It’s OK to Play When You’re an Adult
Photo by Maureen Churchill
Yesterday I took my son to one of those trampoline parks where you can run around and bounce. I paid for his admission and was given a neon pink bracelet to wear to allow me access into the jumping area while he played. I didn’t give it much thought at all. I took my phone and my book and sat on the bench, like I typically do at such places, and let him do his thing.
When we finally got home last night, after running some errands, I looked down at my wrist upon which the bracelet was still attached. I noticed for the first time that someone had written “observer” on it. In that moment, as I stood on the front porch about to water my plants and happened to look at the word on my wrist, I had a revelation — I don’t want to be just an observer anymore.
I have spent a good deal of my life on the sidelines. I show up to birthday parties and sporting events and school activities and sit on the sidelines watching and cheering, but very infrequently do I participate. Why on earth did I not jump with my son yesterday? It looked like a lot of fun. I watched a couple of parents, moms and dad, jump with their kids. I watched one man who looked like he belonged in Cirque de Sol, doing flips and jumps off the walls of the place. It was incredible. And all the kids loved it. They kept asking him to do more tricks and after he caught his breath he would.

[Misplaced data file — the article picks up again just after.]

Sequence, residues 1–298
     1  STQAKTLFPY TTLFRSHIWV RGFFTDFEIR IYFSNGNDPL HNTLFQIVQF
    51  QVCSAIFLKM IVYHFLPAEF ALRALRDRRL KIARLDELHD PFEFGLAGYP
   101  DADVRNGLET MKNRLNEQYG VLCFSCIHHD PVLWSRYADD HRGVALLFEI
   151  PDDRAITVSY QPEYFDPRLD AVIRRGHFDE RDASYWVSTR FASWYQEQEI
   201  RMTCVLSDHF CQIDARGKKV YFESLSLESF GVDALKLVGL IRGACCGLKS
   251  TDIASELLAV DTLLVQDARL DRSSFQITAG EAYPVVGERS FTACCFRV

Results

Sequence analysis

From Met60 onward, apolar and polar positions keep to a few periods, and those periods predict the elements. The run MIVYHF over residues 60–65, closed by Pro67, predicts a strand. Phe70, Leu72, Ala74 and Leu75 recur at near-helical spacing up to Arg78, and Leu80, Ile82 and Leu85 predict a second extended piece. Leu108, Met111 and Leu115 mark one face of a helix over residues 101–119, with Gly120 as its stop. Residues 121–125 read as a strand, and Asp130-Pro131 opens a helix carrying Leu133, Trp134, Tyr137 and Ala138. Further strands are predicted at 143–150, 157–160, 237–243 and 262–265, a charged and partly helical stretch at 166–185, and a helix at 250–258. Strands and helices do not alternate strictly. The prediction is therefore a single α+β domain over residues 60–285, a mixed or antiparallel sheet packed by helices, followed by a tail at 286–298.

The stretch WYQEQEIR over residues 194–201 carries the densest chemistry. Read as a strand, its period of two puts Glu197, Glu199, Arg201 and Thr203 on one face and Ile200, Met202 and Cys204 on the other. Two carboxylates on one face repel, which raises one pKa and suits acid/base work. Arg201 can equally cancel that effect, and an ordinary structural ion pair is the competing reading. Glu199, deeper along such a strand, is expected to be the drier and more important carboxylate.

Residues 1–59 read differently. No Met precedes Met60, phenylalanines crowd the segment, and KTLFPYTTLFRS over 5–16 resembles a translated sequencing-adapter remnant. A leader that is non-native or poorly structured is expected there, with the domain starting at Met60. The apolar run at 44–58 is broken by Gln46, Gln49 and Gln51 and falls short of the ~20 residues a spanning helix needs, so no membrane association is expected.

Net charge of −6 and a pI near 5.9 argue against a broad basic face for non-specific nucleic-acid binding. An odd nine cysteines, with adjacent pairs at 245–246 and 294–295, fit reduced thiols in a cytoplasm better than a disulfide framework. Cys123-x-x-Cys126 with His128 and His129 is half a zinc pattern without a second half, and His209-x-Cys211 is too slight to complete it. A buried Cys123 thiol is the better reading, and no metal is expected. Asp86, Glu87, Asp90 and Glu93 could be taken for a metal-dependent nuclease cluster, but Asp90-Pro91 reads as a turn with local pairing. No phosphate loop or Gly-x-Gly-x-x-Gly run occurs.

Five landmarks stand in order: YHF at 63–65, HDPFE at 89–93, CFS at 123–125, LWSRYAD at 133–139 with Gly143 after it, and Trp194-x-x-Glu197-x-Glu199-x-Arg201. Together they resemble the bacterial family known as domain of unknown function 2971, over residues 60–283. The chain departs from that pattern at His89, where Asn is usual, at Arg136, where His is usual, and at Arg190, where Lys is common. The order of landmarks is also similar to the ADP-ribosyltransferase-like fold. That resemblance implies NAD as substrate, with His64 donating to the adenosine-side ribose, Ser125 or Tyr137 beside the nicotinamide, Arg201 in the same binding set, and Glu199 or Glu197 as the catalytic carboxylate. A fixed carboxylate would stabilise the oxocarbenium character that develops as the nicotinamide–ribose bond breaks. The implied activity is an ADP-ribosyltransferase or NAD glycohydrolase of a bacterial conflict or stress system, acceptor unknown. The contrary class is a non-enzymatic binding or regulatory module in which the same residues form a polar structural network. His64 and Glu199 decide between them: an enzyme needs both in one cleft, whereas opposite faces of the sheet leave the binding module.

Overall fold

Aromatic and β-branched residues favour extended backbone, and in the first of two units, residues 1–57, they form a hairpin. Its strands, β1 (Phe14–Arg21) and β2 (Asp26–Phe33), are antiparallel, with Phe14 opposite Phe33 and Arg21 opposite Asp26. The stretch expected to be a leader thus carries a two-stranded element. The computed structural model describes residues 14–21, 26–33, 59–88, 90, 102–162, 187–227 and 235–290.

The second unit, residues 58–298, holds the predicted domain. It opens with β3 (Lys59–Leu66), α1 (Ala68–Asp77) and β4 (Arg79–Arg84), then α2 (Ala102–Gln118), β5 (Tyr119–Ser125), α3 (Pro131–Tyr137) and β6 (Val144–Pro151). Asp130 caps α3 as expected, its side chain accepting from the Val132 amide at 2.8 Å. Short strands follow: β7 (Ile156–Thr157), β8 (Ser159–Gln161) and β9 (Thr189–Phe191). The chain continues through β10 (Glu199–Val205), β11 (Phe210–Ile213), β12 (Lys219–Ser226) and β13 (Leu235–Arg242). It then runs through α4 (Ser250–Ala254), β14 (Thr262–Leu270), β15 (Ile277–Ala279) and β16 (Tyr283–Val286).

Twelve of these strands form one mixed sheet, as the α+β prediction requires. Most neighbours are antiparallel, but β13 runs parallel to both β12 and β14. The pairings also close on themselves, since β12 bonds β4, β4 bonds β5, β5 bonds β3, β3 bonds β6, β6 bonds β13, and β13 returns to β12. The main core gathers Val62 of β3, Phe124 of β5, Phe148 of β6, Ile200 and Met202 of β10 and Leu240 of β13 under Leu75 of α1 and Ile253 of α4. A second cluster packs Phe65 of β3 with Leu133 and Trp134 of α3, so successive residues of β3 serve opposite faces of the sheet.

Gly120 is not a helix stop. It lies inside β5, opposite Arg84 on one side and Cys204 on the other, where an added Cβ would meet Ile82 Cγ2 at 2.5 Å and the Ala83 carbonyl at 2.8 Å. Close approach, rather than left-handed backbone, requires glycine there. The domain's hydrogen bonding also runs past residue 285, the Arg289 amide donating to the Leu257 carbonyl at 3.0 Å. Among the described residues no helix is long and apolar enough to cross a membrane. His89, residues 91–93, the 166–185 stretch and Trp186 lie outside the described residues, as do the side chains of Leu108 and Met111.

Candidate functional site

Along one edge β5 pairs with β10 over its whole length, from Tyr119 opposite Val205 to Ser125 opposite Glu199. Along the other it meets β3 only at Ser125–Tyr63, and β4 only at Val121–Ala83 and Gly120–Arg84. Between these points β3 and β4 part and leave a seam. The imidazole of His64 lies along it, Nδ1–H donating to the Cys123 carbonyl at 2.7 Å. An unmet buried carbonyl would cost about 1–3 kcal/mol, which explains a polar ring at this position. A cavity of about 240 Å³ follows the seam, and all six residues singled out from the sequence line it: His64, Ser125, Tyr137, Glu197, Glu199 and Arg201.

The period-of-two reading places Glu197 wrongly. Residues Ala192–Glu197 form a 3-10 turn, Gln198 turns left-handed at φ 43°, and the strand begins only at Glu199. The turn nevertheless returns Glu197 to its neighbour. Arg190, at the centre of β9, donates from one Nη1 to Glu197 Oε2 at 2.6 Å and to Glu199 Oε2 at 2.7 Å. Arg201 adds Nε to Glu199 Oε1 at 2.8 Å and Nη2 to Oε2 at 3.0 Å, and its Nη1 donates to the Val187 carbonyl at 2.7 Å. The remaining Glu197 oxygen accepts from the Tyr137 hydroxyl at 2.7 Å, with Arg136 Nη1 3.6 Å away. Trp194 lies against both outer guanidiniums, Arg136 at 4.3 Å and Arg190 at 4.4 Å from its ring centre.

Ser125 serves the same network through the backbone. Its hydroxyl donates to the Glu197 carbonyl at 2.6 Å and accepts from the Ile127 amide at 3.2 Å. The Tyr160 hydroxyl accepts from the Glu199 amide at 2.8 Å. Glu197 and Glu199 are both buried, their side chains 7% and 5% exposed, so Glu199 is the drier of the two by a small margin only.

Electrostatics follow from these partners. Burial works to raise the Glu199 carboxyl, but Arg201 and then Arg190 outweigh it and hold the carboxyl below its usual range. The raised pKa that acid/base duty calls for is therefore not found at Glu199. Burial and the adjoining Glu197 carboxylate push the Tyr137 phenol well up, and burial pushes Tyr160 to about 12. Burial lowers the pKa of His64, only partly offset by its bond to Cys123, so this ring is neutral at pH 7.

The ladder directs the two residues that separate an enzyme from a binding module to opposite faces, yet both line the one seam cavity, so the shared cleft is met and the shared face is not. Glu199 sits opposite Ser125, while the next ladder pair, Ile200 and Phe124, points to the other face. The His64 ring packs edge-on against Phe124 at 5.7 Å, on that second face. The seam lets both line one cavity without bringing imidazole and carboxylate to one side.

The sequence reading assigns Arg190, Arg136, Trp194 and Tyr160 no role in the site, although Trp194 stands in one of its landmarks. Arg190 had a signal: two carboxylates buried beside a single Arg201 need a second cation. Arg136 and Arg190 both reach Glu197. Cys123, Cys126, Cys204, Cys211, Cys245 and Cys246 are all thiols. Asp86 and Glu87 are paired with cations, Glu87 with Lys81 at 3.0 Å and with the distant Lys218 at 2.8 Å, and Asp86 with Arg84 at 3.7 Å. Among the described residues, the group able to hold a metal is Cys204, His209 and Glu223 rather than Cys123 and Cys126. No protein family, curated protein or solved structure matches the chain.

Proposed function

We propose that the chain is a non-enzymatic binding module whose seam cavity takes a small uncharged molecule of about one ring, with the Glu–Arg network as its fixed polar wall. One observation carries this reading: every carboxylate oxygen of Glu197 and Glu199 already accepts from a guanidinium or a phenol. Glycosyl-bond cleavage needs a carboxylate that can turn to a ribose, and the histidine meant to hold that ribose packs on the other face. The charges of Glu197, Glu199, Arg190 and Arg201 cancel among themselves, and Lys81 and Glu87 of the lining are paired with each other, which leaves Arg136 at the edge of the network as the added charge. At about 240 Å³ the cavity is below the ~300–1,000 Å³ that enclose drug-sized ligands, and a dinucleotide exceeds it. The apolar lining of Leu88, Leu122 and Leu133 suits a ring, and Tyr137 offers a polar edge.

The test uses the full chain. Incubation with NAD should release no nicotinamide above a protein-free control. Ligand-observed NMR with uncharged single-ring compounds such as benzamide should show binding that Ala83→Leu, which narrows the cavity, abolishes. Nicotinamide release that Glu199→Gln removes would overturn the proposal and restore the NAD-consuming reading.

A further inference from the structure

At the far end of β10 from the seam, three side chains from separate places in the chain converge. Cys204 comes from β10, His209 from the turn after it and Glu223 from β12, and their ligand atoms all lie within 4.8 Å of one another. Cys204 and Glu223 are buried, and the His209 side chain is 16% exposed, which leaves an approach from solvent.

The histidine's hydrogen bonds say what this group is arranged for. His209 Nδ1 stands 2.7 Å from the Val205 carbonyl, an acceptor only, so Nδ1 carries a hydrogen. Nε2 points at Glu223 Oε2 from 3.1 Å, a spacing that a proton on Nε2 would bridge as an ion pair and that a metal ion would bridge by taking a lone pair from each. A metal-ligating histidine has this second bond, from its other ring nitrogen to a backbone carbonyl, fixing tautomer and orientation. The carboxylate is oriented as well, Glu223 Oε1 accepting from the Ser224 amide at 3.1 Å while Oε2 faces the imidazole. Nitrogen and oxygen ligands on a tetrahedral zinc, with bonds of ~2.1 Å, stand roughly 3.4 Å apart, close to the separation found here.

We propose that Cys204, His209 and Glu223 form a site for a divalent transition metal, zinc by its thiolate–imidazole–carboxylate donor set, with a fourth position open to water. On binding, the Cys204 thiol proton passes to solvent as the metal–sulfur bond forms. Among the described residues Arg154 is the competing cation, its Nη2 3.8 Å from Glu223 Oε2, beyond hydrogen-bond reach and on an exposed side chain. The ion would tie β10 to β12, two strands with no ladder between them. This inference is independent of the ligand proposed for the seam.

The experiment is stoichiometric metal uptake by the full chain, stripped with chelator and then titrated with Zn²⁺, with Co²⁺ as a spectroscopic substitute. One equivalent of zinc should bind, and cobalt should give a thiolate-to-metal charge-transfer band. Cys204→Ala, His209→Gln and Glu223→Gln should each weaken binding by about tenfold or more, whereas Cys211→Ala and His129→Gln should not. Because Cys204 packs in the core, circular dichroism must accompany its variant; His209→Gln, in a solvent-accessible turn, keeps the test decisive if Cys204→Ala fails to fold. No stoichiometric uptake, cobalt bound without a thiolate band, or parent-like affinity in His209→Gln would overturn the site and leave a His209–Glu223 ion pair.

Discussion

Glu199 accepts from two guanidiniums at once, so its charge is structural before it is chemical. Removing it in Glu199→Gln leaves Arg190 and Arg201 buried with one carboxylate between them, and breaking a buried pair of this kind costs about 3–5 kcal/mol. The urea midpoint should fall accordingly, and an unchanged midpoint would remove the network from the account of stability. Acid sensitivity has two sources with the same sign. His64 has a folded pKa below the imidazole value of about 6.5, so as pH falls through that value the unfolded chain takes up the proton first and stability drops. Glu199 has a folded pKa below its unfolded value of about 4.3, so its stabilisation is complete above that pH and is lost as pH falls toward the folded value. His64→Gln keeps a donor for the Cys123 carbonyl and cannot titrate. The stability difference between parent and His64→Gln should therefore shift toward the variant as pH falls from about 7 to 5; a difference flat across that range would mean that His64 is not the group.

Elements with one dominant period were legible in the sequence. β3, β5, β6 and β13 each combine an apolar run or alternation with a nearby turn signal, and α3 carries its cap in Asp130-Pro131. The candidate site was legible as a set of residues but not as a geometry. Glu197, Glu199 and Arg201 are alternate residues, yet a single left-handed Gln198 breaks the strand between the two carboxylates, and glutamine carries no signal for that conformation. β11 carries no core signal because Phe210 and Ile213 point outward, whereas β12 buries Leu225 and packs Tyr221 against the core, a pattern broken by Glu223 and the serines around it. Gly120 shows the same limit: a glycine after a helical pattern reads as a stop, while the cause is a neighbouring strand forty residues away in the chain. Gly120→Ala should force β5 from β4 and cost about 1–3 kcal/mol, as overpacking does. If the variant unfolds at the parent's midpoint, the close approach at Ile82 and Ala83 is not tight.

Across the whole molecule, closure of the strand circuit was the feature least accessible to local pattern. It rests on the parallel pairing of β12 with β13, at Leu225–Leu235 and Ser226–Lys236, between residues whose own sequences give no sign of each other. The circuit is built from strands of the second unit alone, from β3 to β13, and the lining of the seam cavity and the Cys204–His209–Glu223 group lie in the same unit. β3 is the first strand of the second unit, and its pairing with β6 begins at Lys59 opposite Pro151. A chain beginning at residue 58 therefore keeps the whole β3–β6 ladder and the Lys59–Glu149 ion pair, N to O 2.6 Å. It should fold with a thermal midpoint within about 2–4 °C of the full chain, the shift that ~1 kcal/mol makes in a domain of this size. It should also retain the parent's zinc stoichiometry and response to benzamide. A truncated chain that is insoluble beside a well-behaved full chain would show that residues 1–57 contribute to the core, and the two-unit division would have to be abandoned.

It dawned on me that I have forgotten that it’s OK to play when you’re an adult. There was no reason not to get out there and jump and play and get sweaty and work in a little cardio, instead of sitting on a bench reading a book. Had my neon pink observer bracelet not been made of paper I would have kept it on as a reminder, it’s time to stop observing and start playing again.
I’d encourage you to join in, too. It doesn’t matter if you look silly, as I think kids like that best of all. Parenthood is a time where you can recapture some of the fun and excitement of being a kid. When did we all grow up and decide the sidelines were where we belonged? No more. I choose to not wear my neon pink observer bracelet anymore. I’m trading it in for an admission ticket and this is going to be a summer full of fun adventures.